Hayao Miyazaki receives Honorary Award by the Academy
November 9, 2014
Last night Hayao Miyazaki was awarded an Oscar for his lifetime of contributions to the motion picture industry at the Academy of Motion Picture Arts and Sciences at its 6th annual Governors Awards ceremony.
John Lasseter, chief creative officer at Walt Disney and Pixar Animation Studios presented the Oscar to Miyazaki to a standing ovation.
This was Miyazaki's first time attending an Oscars awards ceremony. Miyazaki announced in September, 2013 that he was retiring, but in recent interviews he revealed his schedule drawing manga about a 16th century samurai, and working on a play area for children in Fukushima Prefecture which has been hard hit by the nuclear crisis.
He told The Associated Press he will continue working, but not on feature-length filmmaking, but on animated shorts to be shown at the Studio Ghibli museum. (Photo credit: Oscars.org)
August 26, 2014
The Academy of Motion Picture Arts and Sciences has announced that it will bestow Honorary Awards for lifetime achievement to Japanese animation filmmaker Hayao Miyazaki, French novelist and screenwriter Jean-Claude Carriere, and American actress Maureen O'Hara, and the Academy's Jean Hersholt Humanitarian Award to actor and singer Harry Belafonte.
“The Governors Awards allow us to reflect upon not the year in film, but the achievements of a lifetime,” said Academy President Cheryl Boone Isaacs.
All four awards will be presented at the Academy’s 6th Annual Governors Awards on Saturday, November 8, 2014 at the Ray Dolby Ballroom at Hollywood & Highland Center®.
Director Hayao Miyazaki won an Academy Award in the Animated Feature Film category in 2002 for "Spirited Away," and has been nominated for "Howls Moving Castle" in 2005, and "The Wind Rises" in 2014.
An artist, writer, director, producer, and co-founder of animation Studio Ghibli in Tokyo, Miyazaki, 73, announced his retirement in September, 2013. His other animated features include “Nausicaä of the Valley of the Wind,” “Laputa: Castle in the Sky,” “My Neighbor Totoro,” “Kiki’s Delivery Service” and “Princess Mononoke.” (Photo credit: Oscars.org)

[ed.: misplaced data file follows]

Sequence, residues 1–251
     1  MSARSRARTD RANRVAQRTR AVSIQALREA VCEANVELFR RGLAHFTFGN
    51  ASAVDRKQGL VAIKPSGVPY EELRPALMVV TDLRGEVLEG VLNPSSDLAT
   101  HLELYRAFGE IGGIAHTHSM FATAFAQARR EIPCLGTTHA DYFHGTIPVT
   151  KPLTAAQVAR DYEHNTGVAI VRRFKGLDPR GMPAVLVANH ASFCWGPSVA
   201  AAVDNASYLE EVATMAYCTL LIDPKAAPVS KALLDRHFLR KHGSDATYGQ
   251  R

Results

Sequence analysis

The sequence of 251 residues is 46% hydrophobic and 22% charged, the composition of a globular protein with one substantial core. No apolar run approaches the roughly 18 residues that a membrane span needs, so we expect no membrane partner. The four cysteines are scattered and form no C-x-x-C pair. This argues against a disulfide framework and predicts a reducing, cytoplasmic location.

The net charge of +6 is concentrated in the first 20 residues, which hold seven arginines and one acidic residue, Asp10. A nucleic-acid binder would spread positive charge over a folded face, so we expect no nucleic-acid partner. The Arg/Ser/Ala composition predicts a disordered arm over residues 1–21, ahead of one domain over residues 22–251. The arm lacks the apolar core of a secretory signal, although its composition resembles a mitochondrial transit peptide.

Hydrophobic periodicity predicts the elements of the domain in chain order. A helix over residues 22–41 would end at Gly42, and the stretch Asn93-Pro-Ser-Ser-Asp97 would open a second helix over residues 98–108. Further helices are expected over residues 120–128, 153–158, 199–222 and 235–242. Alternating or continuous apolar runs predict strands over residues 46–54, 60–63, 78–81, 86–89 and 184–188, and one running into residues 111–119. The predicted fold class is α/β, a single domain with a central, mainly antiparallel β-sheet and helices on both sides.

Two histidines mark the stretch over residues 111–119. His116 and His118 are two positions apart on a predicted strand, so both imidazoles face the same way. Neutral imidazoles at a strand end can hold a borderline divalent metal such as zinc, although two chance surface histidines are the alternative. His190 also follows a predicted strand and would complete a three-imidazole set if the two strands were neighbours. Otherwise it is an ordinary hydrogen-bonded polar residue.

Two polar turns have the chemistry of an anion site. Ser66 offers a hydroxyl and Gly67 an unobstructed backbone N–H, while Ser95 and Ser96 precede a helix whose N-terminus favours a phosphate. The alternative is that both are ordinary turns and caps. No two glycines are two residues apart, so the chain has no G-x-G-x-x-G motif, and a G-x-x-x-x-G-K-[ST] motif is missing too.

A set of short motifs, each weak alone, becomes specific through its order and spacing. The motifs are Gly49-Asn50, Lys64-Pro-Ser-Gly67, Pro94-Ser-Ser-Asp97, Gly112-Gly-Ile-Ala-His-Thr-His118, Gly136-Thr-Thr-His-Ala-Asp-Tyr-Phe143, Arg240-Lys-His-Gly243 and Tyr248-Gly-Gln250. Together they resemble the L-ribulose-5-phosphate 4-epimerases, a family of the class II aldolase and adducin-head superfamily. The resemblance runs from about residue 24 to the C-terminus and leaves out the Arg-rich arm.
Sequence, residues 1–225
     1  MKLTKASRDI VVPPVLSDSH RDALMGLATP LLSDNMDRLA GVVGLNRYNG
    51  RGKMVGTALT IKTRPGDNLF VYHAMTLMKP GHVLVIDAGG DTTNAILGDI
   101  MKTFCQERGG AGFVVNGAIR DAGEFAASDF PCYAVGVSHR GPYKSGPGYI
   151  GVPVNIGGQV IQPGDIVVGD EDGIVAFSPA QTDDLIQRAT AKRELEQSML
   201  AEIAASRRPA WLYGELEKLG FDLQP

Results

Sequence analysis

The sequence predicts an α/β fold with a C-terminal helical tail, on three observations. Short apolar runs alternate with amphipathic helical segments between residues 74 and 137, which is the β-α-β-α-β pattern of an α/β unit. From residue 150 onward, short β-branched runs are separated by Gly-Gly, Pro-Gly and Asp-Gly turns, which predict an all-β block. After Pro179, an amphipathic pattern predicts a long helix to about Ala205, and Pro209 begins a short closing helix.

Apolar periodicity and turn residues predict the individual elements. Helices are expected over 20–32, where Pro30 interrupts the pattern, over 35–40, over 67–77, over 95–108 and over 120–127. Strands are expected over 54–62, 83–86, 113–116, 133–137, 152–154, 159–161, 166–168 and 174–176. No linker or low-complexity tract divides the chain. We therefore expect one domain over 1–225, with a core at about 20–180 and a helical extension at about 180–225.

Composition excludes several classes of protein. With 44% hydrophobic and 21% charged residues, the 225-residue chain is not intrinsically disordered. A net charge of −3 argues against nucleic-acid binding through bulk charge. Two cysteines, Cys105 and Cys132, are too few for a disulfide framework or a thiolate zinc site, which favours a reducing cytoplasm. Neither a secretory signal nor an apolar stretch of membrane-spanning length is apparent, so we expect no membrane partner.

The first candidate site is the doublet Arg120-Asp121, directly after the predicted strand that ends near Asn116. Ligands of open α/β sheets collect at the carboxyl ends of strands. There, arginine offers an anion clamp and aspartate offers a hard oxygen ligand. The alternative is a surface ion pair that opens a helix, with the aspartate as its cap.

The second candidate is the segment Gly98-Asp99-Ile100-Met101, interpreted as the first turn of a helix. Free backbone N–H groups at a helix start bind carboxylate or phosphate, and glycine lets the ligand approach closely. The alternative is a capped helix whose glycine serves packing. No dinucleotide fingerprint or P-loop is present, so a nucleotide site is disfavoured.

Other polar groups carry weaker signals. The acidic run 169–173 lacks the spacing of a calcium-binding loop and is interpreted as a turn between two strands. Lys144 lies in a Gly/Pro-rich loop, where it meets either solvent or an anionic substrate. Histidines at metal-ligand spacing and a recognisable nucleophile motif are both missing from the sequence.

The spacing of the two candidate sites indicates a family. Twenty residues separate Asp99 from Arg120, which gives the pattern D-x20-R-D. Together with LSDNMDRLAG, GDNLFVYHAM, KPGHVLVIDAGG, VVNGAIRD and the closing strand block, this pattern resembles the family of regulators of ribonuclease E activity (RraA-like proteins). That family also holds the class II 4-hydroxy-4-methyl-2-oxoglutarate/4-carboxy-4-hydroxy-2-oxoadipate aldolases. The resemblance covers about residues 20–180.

Novelist and screenwriter Jean-Claude Carrière shared an Oscar® for the live action short subject “Heureux Anniversaire (Happy Anniversary)” in 1962. He received two more nominations during his nearly two-decade collaboration with director Luis Buñuel, for the screenplays for “The Discreet Charm of the Bourgeoisie” and “That Obscure Object of Desire.” Carrière also has collaborated notably with such directors as Volker Schlöndorff (“The Tin Drum”), Jean-Luc Godard (“Every Man for Himself”) and Andrzej Wajda (“Danton”). He earned a fourth Oscar nomination for “The Unbearable Lightness of Being” with director Philip Kaufman.
O’Hara, a native of Dublin, Ireland, came to Hollywood in 1939 to star opposite Charles Laughton in “The Hunchback of Notre Dame.” She went on to appear in a wide range of feature films, including the swashbucklers “The Black Swan” and “Sinbad the Sailor,” the dramas “This Land Is Mine” and “A Woman’s Secret,” the family classics “Miracle on 34th Street” and “The Parent Trap,” the spy comedy “Our Man in Havana” and numerous Westerns. She was a favorite of director John Ford, who cast her in five of his films, including “How Green Was My Valley,” “Rio Grande” and “The Quiet Man.”
An actor, producer, singerand lifelong activist, Belafonte began performing in theaters and nightclubs in and around Harlem, where he was born. From the beginning of his film career, he chose projects that shed needed light on racism and inequality, including “Carmen Jones,” “Odds against Tomorrow” and “The World, the Flesh and the Devil.” He was an early supporter of the Civil Rights Movement, marching and organizing alongside Martin Luther King, Jr. and often funding initiatives with his entertainment income. Belafonte was named a UNICEF Goodwill Ambassador in 1987 and currently serves on the boards of the Advancement Project and the Institute for Policy Studies. His work on behalf of children, education, famine relief, AIDS awareness and civil rights has taken him all over the world.
The Honorary Award, an Oscar statuette, is given “to honor extraordinary distinction in lifetime achievement, exceptional contributions to the state of motion picture arts and sciences, or for outstanding service to the Academy.”
The Jean Hersholt Humanitarian Award, also an Oscar statuette, is given “to an individual in the motion picture industry whose humanitarian efforts have brought credit to the industry.”